Music

FIDLAR: FIDLAR

L.A skate rats FIDLAR mainly care about getting drunk, doing drugs, and yelling. It works out pretty well on their debut album.


FIDLAR

FIDLAR

Label: Wichita
US Release Date: 2013-02-05
UK Release Date: 2013-02-04
Amazon
iTunes

“I’m an occasional drinker,” Raymond Chandler once wrote. “The kind of guy who goes out for a beer and wakes up in Singapore with a full beard." It’s doubtful that Chandler would get along with the guys from FIDLAR -- he actually was a very sad person -- but they’d certainly have a lot to talk about, writing wise. Mainly that both of their protagonists often drink a seemingly impossible amount of alcohol, and hang around Los Angeles, so convinced of their loserdom that they’re actually cool.

Along with Raymond Chandler, here are a few names I’m sure they wouldn’t mind if I threw around: The Descendants. Tales of Terror. JFA. Name a great garage/noise-rock/punk band, and Fuck It Dog Life’s a Risk -- much like the city they hail from, they shorten their name -- wants to be like them on FIDLAR. Anything that the brings the motherfucking raucous, in other words, without much sense or care for sub-genre.

And though they might sound more like Jay Reatard, everything from their Twitter handle (@fidlarLA) to the numerous neighborhood shout-out, shows that they’ve got a special place in their hearts for Southern California skate/D.I.Y greats, known for punches to the gut and water balloons full of piss to the face. And when they pull it off, like on opener “Cheap Beer”, they pull it off. “I! Drink! Cheap! Beer! So! What! Fuck! You!” yells lead singer Tom Carper like a man who knows the oxygen is running out and is using his last breaths to state a declaration of principle.

It’d be easy to mistake a lot of songs on FIDLAR as about partying, as opposed to getting fucked up. The two overlap sometimes, but there remains a big difference. “I just wanna get reaaaally high, smoke weed until I dieeee” on “Stoked and Broke”, for example. Later on that song Carper declares that “there’s nothing wrong with living like this!”, but you get the feeling that he’s just telling himself that so he can someday hear a crowd yell it back at him in justification. And lo and behold, just two songs later on “No Waves” he’s feeling like a grandpa and a crackhead, in need of a new body and/or new soul. “No Waves” is a well-deserved rest that leads to somewhat unwelcome self-realizations that FIDLAR can never quite shake.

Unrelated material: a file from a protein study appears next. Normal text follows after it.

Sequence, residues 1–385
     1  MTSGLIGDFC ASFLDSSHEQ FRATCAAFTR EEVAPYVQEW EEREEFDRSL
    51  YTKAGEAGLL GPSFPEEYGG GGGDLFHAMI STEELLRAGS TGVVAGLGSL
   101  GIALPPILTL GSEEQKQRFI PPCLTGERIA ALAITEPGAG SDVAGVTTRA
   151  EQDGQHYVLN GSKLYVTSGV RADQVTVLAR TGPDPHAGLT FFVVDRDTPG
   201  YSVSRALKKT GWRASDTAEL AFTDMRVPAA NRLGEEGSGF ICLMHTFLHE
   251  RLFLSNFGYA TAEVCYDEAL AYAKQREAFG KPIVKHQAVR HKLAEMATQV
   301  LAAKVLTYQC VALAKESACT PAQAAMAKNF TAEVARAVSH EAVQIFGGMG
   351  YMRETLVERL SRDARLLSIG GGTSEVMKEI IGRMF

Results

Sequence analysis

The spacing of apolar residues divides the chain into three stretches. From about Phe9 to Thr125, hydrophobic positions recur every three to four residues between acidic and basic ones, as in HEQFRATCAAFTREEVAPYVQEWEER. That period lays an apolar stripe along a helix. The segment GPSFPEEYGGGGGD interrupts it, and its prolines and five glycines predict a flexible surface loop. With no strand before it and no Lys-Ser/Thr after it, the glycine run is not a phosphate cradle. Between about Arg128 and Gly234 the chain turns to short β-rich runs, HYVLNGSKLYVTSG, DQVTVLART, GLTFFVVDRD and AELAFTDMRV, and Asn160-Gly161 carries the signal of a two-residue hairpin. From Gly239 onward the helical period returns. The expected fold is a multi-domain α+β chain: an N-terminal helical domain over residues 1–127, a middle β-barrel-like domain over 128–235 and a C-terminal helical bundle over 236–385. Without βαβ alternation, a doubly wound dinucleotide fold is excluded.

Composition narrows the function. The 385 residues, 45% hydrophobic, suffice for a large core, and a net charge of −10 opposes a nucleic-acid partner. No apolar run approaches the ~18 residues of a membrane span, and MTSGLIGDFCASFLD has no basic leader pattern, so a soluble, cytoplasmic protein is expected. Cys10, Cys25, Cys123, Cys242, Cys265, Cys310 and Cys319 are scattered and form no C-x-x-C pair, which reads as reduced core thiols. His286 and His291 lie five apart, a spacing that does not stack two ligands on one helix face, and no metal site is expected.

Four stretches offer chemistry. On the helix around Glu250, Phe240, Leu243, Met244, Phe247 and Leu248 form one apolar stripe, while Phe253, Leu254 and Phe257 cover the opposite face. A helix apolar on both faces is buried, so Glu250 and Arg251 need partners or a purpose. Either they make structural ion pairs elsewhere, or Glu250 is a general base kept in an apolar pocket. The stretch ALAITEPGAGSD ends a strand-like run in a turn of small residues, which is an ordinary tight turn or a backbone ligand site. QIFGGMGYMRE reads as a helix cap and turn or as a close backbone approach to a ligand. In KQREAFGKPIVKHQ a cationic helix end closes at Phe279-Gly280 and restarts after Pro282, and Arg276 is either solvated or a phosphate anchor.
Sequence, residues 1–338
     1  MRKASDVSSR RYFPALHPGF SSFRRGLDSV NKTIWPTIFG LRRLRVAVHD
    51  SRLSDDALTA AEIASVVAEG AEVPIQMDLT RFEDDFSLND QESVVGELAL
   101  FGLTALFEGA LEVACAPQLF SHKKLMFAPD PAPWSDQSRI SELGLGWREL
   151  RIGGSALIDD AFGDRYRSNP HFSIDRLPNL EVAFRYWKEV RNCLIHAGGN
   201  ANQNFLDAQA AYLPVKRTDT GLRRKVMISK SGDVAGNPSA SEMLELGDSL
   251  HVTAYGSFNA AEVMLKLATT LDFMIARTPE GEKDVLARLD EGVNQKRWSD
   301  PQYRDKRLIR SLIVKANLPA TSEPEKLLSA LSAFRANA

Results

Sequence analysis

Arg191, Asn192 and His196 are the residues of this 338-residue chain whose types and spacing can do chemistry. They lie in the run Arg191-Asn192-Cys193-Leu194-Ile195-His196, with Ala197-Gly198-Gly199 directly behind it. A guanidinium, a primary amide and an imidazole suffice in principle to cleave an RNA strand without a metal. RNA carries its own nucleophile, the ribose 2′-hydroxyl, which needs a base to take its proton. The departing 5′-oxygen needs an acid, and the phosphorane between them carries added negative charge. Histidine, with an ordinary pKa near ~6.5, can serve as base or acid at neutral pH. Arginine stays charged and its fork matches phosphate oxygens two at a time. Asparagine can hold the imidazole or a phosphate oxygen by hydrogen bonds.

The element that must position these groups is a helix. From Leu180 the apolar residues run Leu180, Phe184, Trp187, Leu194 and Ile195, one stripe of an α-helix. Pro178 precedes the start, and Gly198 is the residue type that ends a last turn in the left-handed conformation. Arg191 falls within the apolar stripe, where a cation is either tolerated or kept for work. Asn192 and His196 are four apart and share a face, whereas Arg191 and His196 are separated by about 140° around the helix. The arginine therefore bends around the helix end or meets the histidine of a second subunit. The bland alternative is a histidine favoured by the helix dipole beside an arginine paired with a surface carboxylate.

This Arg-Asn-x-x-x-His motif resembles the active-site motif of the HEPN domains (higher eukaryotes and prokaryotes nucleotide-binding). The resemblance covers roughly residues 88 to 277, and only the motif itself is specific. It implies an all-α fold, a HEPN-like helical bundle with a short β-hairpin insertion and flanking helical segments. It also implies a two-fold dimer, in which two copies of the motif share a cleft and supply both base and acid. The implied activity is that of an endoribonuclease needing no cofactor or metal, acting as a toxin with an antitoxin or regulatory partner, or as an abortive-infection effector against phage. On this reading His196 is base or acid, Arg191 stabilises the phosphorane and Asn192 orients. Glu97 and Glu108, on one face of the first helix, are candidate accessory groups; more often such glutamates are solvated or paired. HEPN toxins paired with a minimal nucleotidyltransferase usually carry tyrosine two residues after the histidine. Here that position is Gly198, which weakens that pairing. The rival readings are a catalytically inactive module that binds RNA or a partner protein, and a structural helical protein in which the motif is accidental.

FIDLAR’s best songs combine everything that’s great and terrible about the drugs that feature so prominently on the album. The great parts being that they make you feel invincible and that you’ll live forever, the terrible parts being that they sometimes make you paranoid and are way too expensive. The “Wake Bake Skate” featured here is slower than the one of their DIYDUI seven-inch, by a full eight seconds -- and when a track is under a 1:50, you notice that sort of things. It still sounds like giant shaggy dog of a song, overjoyed at the chance to tackle you and stomp around and lick your face, because you finally came home with weed. All the instruments, including Carper’s voice, sound like they’re about to snap, but are going to continue to make you jump around until they do. Around the twentieth listen, if you have any experience with either of these topics, you might realize being “always broke” and “always stoned” sounds kind of awful. You’ll keep singing anyway, because how the hell could you not?

Carper’s lyrics work best when they apply a Duhnam-like sense of self. On the echo chamber to paradise that is “Paycheck” and the Disney head-bopping-above-words jam that is “5 to 9”, his words sound best when sound like they’re coming from that new CW series, The Lester (Bangs) Diaries. Even the lone attempt at #character comes from within -- “Max Can’t Surf” is about drummer Max Kuehn. There are a couple throwaways that don’t really find anything to hang their hats on, but the guitars mostly carry those into the realm of acceptability. The only real failure is the black hole of misogyny that is “Whore”. Whatever possessed FIDLAR to include a song whose lyrics go, “Why did you have to leave me, you’re such a whore”, stifling that particular artistic desire would have made their debut a whole lot stronger. Frankly, calling Angeleno women "whores" is straight-up Papa Roach territory.